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Grand Canyon University Rises From Humble Beginnings

2018-04-16T20:03:19+00:00 April 13th, 2018|, , |0 Comments


By Tom Blodgett
Contributing Writer

When Ann Pierson was hired in 2003 to start a softball program at Grand Canyon University in Phoenix, things were a little different than they are today.

The school had been around since 1949, moving to Phoenix in 1951, and had seen its share of athletic success, including three NAIA basketball championships and a pair of alumni in the NBA, plus four NAIA baseball championships and several alums in the majors.

But those glory days had faded. The campus, once a garden spot in an older area of west Phoenix, was starting to look ragged. The athletic teams, which by then were competing in NCAA Division II, weren’t the powers they once were. Enrollment was low. Finances were shaky.

“When I started here and the school was in such a financial disarray, there were days when we didn’t know if the doors were going to be closed when we showed up to work,” Pierson said.

Though a California-based group purchased the Christian school and put it on firmer footing as a for-profit venture, the softball program’s start was humble.

There was a field, but it was up to the players to mark it and maintain it. Pierson laughs about her former players, now coaching in the high school ranks, who can change a sprinkler head at their fields because of the experience they gained at GCU. Pierson herself was painting the dugouts.

And the atmosphere? Well, at practices you could hear dogs barking from a nearby animal shelter.

But the program showed promise from the beginning, going 28-24 that first season, and since then it has blossomed. Pierson led the program to the postseason in 2010, ’12 and ’13. The school the moved its athletic program to Division I for the 2013-14 school year, joining the Western Athletic Conference.

But it came at a cost – no postseason for four years. Pierson accepted it without complaint.

“Winning the conference championship, that was our national title,” she said. “That was as high as we could go, so that’s what we set our goals for. You can sit here and think, ‘oh, I wish we could play postseason,’ but it was going to get here eventually and now it’s here.”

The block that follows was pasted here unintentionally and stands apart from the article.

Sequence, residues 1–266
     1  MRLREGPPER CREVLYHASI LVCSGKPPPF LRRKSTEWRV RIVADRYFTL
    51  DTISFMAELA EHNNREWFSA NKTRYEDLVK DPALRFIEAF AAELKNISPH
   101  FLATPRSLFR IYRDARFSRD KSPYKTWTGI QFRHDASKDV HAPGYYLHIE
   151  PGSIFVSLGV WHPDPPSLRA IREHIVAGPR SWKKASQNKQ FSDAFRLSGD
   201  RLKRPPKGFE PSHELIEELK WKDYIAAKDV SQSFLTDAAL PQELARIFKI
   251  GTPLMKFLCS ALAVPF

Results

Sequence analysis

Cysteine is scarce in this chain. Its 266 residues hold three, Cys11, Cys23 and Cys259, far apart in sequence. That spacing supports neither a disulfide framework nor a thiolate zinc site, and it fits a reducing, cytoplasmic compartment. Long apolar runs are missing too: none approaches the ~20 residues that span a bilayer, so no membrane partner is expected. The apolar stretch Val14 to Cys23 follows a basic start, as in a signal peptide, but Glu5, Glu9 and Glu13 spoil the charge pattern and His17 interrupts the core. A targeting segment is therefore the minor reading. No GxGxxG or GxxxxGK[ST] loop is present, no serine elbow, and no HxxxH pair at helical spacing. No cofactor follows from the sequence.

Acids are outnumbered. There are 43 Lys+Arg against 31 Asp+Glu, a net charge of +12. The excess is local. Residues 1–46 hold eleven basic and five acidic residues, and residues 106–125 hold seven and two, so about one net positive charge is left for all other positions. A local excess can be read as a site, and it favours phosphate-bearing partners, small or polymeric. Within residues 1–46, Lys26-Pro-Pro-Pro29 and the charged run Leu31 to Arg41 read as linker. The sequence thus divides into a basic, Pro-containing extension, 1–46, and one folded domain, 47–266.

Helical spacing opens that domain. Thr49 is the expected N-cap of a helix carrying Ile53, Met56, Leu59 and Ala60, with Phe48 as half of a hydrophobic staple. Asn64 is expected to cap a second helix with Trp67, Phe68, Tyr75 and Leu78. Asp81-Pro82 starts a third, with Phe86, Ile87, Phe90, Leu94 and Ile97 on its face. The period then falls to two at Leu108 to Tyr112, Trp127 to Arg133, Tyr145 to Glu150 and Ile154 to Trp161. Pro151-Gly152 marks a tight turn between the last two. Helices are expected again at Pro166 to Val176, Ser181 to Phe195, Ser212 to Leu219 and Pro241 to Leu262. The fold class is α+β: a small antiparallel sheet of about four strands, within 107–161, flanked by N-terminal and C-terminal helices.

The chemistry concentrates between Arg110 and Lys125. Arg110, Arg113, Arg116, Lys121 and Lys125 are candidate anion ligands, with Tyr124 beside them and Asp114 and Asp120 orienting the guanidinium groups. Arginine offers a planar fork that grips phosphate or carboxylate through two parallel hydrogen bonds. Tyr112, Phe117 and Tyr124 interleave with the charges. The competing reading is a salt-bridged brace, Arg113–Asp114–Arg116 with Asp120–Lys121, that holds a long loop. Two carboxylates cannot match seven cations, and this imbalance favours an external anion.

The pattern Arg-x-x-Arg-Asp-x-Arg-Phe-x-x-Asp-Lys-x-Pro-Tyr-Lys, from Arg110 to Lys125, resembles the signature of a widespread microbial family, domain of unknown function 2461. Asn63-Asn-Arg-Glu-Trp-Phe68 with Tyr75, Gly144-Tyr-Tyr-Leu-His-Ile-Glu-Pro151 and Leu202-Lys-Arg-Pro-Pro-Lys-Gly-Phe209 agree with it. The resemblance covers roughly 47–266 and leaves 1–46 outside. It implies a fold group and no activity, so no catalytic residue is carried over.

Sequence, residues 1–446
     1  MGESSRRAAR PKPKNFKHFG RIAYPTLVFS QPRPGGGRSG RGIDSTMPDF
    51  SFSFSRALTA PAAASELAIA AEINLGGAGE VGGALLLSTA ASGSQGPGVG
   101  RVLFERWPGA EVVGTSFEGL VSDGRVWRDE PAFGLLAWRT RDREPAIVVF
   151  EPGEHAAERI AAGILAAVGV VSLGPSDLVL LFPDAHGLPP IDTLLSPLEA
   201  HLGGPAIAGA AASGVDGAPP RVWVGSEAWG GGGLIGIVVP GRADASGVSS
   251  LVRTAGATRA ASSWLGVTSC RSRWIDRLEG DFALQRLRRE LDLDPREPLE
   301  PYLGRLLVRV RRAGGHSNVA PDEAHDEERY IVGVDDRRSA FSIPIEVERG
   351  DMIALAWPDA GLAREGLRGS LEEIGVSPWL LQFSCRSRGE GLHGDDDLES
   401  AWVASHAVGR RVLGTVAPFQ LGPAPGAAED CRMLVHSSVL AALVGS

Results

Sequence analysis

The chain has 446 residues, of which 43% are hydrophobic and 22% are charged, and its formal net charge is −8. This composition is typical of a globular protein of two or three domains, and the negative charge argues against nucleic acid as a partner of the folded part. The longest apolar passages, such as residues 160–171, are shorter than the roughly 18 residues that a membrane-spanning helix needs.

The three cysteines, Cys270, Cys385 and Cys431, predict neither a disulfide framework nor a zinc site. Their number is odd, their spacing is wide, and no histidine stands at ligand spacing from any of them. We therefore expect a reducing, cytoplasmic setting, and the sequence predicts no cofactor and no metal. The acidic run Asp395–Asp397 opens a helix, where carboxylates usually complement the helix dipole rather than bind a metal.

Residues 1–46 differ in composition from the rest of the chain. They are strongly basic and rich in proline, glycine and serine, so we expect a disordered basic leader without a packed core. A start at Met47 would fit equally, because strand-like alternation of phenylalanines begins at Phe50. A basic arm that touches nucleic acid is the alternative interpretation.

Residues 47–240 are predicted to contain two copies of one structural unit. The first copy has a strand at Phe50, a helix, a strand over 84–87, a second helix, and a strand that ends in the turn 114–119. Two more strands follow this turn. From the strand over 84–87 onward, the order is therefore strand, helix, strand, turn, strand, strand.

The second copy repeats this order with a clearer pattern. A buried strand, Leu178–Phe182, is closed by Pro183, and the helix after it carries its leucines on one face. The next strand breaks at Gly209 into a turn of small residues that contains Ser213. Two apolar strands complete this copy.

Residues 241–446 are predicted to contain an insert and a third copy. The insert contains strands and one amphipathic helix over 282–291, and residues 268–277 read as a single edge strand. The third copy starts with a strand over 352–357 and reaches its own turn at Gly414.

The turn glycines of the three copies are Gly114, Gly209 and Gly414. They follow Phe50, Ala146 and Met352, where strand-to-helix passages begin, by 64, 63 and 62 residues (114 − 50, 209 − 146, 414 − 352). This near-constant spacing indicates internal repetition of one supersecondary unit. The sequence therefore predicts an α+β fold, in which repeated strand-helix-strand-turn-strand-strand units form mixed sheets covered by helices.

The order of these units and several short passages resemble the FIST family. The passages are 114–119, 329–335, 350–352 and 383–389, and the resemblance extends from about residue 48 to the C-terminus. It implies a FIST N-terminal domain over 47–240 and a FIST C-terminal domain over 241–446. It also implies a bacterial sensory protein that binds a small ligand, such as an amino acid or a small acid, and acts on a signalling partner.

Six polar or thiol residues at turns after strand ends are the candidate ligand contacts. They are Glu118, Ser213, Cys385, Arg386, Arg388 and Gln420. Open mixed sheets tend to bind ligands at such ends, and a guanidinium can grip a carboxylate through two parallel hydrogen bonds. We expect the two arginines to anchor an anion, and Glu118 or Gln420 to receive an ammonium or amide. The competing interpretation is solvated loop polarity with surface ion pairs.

Indeed, it’s here with a flourish in 2018. The Antelopes are eligible for the WAC tournament for the first time and there can gain a possible berth in the NCAA Division I tournament.

The marks of the program’s arrival are everywhere. A university that once had perhaps 1,000 students just over a decade ago now has about 19,500 on campus and more than 60,000 others online.

Former players have trouble finding the softball field when they come back to practice because of new buildings, dorms and parking structures that weren’t there even in recent years. Much of the profits were poured right back into the school, and the changed feel on campus is unmistakable.

And then there’s the field itself. Grand Canyon broke ground on a new 1,200-seat stadium last year and opened it at the start of this season. The seats have backs and are shaded, especially nice considering how brutal the Arizona sun can get by late in the softball season.

There’s plenty of space in the dugouts, which Pierson no longer has to paint herself; bullpens and batting cages on both sides; a FieldTurf playing surface; improved concessions and restrooms; and an indoor press box that can accommodate TV and radio broadcasts.

To break it in, Grand Canyon hosted a tournament that included two-time defending champion Oklahoma.

Bianca Boling
Photo courtesy Grand Canyon University

“It’s a great atmosphere to play a ballgame, and especially when we had Oklahoma here, we were standing room only,” senior first baseman Bianca Boling said. “It’s awesome to play here and have all of our fans surrounding us around the field. It’s great to have a big stadium to show how great the program has become.”

That the Antelopes could bring in an opponent like Oklahoma marks another spot where you can see the change in the program: the schedule.

Gone are the who’s-thats from Division II days. In addition to the Sooners, Grand Canyon has played Stanford, Arkansas, UCLA, Iowa, Minnesota, Nebraska, Ohio State, Cal State Fullerton and Utah. The last three lost games to the Antelopes, and GCU was competitive with the No. 4 Bruins, falling 7-6, a game that junior shortstop Shea Smith called a “really good confidence booster.”

“Obviously we would want the win, but I think we were just super pumped up after playing them because we made a name for ourselves against a team like that,” Smith said. “I think teams, those bigger teams, are starting to know us better just from what we’ve done in the past.

“But getting to play against UCLA for the first time and they got to see us at one of our best games, that was a super awesome feeling. … I think it made a statement to them too.”